Card Set Information
A person's awareness of everything that is going on around him or her at any given moment, which is used to organize behavior.
State in which thoughts, feelings and sensations are clear, organized and the person feel alert.
State in which there is a shift in the quality or pattern of mental activity as compared to waking consciousness.
Altered State of Consciousness
A cycle of bodily rhythm that occurs over a 24-hour period.
Area in the hypothalamus tht is sensitive to daylight and controls the body's sleep-wake cycle.
Suprachiasmatic Nucleus (SCN)
Brief sidesteps into sleep lasting only a few seconds.
Any significant loss of sleep, resulting in problems in concentration and irratibility.
Theory of sleep proposing that animals and humans evolved sleep patterns to avoid predators, sleeping when preadotrs are most active.
Theory of sleep proposing that sleep is necessary to the physical health of the body and serves to replenish chemicals and repair cellular damage.
Stage of sleep in which the eyes move rapidly under the eyelids and the person is typically experiencing a dream.
Rapid Eye Movement (REM)
Any of the stages of sleep that do not include REM.
non-REM (NREM) Sleep
Brain waves that indicate a state of relaxation or light sleep.
Brain waves indicating the early stages of sleep.
Long, slow waves that indicate the deepest stage of sleep.
The inability of the voluntary muscles to move during REM sleep.
Increased amounts of REM sleep after being deprived of REM sleep on earlier nights.
Bad dreams occurring during REM Sleep.
A rare disorder in which the mechanism that blocks the movement of the voluntary muscles fails, allowing the person to thrash around and even get up and act out nightmares.
REM Behavior Disorder
Occurring during deep sleep, an episode of moving around or walking around in one's sleep.
Relatively rare disorder in which the person experiences extreme fear and screams or runs around during sleep without waking fully.
Inability to get to sleep, stay alseep or get a good quality of sleep.
Disorder in which the person stops breathing for nearly half a minute or more.
Sleep disorder in which a person falls immediately in REM sleep during the day without warning.
Explanation that states that dreams are created by the higher centers of the cortex to explain the activation by the brain stem of cortical cells during REM sleep periods.
Revised version of the activation-synthesis explanation of dreams in which information that is accessed during waking hours can have an influence on the synthesis of dreams.
Activation-Information-Mode Model (AIM)
State of consciousness in which the person is especially susceptible to suggestion.
Theory that assumes that people who are hypnotized are not in an altered state but are merely playing the role expected of them in the situation.
Social-Cognitive Theory of Hypnosis
Drugs that alter thinking, perception and memory.
Condition occurring when a person's body becomes unable to function normally without a particular drug.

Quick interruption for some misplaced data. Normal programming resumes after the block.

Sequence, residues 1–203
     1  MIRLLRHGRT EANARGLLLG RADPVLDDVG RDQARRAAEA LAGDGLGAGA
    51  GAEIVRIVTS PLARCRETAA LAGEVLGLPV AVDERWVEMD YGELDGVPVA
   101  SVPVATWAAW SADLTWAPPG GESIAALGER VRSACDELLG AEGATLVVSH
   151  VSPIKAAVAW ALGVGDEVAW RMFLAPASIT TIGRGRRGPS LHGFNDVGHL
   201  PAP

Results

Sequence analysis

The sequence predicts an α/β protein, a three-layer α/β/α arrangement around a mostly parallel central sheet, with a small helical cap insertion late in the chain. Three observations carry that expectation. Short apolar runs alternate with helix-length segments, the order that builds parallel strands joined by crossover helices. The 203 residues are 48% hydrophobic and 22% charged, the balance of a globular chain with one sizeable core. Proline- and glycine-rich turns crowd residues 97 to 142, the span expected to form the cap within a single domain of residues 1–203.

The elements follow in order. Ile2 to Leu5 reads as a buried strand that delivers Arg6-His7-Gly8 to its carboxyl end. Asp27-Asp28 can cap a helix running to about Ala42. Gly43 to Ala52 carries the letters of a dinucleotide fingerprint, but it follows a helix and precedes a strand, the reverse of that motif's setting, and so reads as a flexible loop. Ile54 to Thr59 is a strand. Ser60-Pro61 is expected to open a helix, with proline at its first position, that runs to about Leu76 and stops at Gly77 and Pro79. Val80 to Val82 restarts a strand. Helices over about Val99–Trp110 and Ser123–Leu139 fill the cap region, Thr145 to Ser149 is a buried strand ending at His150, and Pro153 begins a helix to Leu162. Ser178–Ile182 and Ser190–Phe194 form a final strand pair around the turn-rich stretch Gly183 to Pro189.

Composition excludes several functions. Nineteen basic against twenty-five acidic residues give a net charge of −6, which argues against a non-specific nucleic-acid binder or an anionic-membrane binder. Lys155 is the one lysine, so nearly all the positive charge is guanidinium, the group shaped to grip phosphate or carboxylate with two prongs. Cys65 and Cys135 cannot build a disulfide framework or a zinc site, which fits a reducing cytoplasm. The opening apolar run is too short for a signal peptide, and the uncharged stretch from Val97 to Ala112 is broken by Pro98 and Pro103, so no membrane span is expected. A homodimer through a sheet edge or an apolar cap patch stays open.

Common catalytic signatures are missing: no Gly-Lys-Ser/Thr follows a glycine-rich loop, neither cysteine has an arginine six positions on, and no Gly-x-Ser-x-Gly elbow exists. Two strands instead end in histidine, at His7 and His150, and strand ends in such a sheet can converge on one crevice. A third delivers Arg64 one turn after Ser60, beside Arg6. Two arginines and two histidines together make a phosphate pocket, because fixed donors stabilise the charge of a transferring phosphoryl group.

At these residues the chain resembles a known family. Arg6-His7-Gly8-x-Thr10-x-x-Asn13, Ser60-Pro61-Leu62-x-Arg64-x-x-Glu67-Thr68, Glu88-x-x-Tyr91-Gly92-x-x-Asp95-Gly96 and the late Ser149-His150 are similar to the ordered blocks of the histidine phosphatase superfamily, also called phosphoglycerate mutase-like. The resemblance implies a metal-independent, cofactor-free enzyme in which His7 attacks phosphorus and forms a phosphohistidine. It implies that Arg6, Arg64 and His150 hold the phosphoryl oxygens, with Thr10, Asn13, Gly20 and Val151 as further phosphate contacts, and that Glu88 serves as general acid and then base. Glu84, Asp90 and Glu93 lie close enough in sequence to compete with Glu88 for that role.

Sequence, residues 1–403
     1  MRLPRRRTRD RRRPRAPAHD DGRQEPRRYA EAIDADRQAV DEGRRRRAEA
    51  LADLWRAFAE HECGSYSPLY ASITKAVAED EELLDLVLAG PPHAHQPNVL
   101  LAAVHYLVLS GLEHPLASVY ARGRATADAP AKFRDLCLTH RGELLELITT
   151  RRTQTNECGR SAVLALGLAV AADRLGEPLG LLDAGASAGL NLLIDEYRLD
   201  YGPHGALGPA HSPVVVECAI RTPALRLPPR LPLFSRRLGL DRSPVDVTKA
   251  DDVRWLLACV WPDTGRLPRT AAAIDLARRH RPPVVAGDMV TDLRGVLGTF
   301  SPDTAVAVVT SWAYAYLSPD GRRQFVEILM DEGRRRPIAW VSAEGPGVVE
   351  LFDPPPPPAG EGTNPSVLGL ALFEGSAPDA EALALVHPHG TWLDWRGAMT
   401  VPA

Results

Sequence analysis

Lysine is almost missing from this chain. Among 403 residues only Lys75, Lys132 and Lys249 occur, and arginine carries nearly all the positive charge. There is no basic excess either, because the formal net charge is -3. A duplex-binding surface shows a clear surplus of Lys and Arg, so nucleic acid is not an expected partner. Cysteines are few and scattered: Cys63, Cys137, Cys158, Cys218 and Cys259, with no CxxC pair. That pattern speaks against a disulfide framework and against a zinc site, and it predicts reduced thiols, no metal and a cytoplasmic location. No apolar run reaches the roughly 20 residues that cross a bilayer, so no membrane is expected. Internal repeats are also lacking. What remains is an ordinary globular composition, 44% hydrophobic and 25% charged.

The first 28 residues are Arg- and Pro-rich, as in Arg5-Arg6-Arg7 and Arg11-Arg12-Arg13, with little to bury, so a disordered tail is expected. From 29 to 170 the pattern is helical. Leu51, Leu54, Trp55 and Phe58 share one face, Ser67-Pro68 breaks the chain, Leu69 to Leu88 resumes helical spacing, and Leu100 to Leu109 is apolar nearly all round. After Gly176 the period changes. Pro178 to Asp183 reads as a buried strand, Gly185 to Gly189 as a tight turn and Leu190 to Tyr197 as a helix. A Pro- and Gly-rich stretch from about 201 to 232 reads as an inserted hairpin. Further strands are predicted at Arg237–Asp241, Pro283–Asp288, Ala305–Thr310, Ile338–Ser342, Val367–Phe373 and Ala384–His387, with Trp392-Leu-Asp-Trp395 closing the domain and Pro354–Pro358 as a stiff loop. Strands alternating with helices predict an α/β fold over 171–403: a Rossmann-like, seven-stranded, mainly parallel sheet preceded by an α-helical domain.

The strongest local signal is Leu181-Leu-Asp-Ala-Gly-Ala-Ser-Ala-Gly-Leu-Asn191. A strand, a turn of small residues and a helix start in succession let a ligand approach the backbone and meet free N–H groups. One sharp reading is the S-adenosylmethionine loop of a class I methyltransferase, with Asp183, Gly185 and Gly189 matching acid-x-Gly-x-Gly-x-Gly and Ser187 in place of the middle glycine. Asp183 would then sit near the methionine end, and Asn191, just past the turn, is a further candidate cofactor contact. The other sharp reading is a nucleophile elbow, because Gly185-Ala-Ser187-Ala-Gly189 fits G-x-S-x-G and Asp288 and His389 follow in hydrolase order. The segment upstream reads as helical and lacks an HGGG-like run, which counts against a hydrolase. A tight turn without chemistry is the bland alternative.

Physical symptoms that can include nausea, pain, tremors, crankiness and high blood pressure, resulting from a lack of an addictive drug in the body systems.
The feeling that a drug is needed to continue a feeling of emotional or psychological well-being.
Drugs that increase the functioning of the nervous system.
Drugs that decrease the functioning of the nervous system.
A class of opium-related drugs that suppress the sensation of pain by binding to and stimulating the nervous system's natural receptor sites for endorphine.
Drugs including hallucinogens and marijuana that produce hallucinations or increased feelings of relaxation and intoxication.
Stimulants that are synthesized (made) in laboratories rather than being found in nature.
A natural drug derived from the leaves of the coca plant.
The active ingredient in tobacco.
A mild stimulant found in coffee, tea and several other plant-based substances.
Depressant drugs that have a sedative effect.
Barbiturates (Major Tranquilizer)
Drugs that lower anxiety and reduce stress.
Benzodiazepines (Minor Tranquilizer)
A chemical resulting from the fermentation or distillation of various kinds of vegetable matter.
Substance derived from the opium poppy from which all narcotic drugs are derived.
Narcotic drug derived from opium, used to treat severe pain.
Narcotic drug derived from opium that is extremely addictive.
Drugs that cause false sensory messages, altering the perception of reality.
Powerful synthetic hallucinogen.
LSD (Lysergic Acid Diethylamide)
Synthesized drug now used as an animal tranqulizer that can cause stimulatn, depressent, narcotic and hallucinogenic effects.
Designer drug that can have both stimulant and hallucinatory effects.
MDMA (Ecstasy or X)
Drugs that produce a mixture of pshchomotor stimulant and hallucinogenic effects.
Natural hallucinogen derived from the peyote cactus buttons.
Natural hallucinogen found in certain mushrooms.
Mild hallucinogen (also know as pot or weed) derived from the leaves and flowers of a particular type of hemp plant.
An involuntary muscle twitch which often occurs during the transition from wakefulness to sleep.
Term coined by Sigmund Freud to identify the real or "hidden" meaning of a dream.
Term coined by Sigmund Freud to identify the actual or "apparent" content of a dream.
Hormone released from the pineal gland that is associated with the sleep-wake cycle.
Narcot drug derived from opium used to treat heroin addiction.
Bursts of brain wave activity seen on an EEG during Stage 2 sleep.